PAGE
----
Meanwhile, too much of what passes for instances of non-Western cultural heritage turn out to be unmemorable settings of "traditional" folk tales vapidly retold by North American outsiders, and books of multicultural trivia that reduce languages to alphabets and simple phrases, and cultures to highly formulaic, summary accounts of food, dress, and ceremonies--all of it flowing seemlessly into one ear and out the other.

Sunday, November 13, 2011

Why is our home schooling program so Western? Part III

Beyond the issue of availability of good materials, there are some other reasons why we ultimately switched gears and chose French over Chinese.

First, there's the issue of cognitive retention. In comparison with French and other Indoeuropean languages, Chinese presents two disadvantages. One is its writing system. Mastering the thousands of Chinese characters required for basic literacy demands hours of daily practice. I've seen first hand how a short hiatus can result in massive forgetting. One simply cannot learn to read anything of substance in Chinese without a long-term commitement to significant daily practice. Another is its vocabulary. Chinese words are especially challenging for English speakers to remember because they bear no resemblance to English words.

So if your (or your child's) goal is to learn a language spoken by billions that may someday become a job-opportunity-expanding lingua franca, or a language whose pronunciation, vocabulary, and written form  (though not so much its morpho-syntax) differs greatly from English, and you can commit to the hours, days, and years of instruction (or don't care about learning the written form of the language), Chinese is just the ticket. But if your goal is fast mastery and easy retention of a spoken and written language, you're better of with one that uses an alphabet and whose words bear some resemblance to English words.

Which brings us to French--the original lingua franca. Like other Indoeuropean languages, it shares not only our basic writing system, but also tons of cognates (glace-glacier; sympathique-sympathetic; regarder-regard; to name just a few my daughter has recently observed). This means that English-speaking French learners are immersed in mnemonic devises. The effect of these cognates goes in the other direction as well: learning a Romance language like French enhances one's acquisition of many of the more sophisticated elements of English vocabulary. Cognates aside, French difers from English along the more linguistically interesting dimension of morpho-syntax, arguably at least as much as Chinese does. It therefore presents a nice combination of (1) mutual reinforcement with English vocabulary and an easily-mastered writing system, and (2) morpho-syntactic challenge and a window into some of the morpho-syntactic variability of the world's languages.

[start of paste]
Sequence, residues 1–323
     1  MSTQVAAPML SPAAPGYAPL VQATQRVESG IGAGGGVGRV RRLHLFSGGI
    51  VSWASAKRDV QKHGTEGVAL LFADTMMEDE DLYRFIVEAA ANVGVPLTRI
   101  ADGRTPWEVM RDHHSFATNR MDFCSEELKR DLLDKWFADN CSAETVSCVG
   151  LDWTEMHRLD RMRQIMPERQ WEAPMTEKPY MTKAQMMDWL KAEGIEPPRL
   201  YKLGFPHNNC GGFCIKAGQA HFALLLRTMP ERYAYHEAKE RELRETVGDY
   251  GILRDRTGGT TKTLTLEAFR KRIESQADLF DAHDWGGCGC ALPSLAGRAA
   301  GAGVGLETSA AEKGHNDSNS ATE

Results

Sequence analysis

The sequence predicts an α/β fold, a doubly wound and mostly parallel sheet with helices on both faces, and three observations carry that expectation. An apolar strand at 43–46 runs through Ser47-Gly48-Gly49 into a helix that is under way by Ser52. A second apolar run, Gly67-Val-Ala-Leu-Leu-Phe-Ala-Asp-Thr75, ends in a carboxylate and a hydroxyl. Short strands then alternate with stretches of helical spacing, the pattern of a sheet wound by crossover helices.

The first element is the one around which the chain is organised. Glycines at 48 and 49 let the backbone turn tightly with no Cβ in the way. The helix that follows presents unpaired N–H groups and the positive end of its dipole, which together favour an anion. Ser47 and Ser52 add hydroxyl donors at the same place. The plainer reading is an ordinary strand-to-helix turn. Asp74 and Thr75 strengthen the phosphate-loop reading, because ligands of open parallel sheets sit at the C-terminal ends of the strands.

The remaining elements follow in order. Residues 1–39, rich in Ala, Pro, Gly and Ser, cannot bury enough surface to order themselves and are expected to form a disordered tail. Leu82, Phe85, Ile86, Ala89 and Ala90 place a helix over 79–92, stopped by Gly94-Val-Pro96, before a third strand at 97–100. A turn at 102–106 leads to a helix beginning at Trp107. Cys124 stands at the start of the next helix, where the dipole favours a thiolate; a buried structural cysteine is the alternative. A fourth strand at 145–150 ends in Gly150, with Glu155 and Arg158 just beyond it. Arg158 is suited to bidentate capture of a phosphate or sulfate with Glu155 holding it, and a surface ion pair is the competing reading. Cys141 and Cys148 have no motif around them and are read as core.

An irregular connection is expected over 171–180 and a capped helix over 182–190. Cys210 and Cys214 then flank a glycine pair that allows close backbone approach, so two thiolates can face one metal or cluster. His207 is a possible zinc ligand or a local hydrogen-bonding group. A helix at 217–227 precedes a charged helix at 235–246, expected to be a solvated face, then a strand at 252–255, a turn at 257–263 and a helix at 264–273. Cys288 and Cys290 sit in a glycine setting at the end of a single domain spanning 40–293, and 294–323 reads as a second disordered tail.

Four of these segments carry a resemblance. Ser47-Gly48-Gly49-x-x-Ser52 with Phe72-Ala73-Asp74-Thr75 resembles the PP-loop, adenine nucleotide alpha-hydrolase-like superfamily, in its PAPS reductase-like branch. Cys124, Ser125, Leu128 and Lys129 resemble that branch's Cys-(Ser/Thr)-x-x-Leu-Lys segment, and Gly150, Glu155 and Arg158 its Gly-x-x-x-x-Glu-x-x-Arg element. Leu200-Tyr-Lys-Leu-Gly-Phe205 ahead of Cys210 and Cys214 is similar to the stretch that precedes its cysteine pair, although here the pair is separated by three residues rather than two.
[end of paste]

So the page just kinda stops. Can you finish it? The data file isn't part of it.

The mutual reinforcement of retention and enrichment also argues (in the Western world) for the Western cannon. The myths, fables, and histories that a native English speaker is most likely to remember are the ones that are alluded to or depicted throughout English-language literature and in much of the art that one encounters in our major art museums. As core knowledge avocate E. D. Hirsch has argued, knowing these classic tales and histories also enriches one's understanding of English-language texts, even at the level of basic comprehension. Just a few days ago a New York Times Op-Ed piece referenced an ancient Babylonian king in an allusion that would resonate with any child who has read Story of the World, Volume I. Familiarity with the best-known ancient civilizations--from China to Mesopotamia to Rome--is also both enriched by, an enriching of, one's visits to the many ancient civilization wings at museums around the country.

Friday, November 11, 2011

Math problems of the week: 3rd grade Investigations vs. Singapore Math

The culminations of first semester 3rd grade multiplication and division units:

I. The entirety of the 3rd grade (TERC) Investigations End-of-Unit Asssessment for the "Multiplication Towers and Division Stories" unit [click to enlarge]:

II. The two most comparable pages of the 7-page Review that follows the 3rd grade Singapore Math "Multiplication and Division" unit [click to enlarge]:

III. Extra Credit
Investigations features short, easy, unit-specific assessments; Singapore Math features more challenging, lengthy, culumlative reviews.  What does this indicate about the priorities of each curriculum?

Wednesday, November 9, 2011

Why is our home schooling so Western? Part II

Why, in particular, is our history (The Story of the World), language curriculum (French), and musical curriculum (mostly Northern European classical) so Western?

One reason relates to what's been written down. Written historical records of ancient times are unevenly distributed around the globe, favoring the parts of the world traditionally covered in ancient history classes--and in The Story of the World (which include Egypt, the Middle East, China, India, North Africa, and Turkey).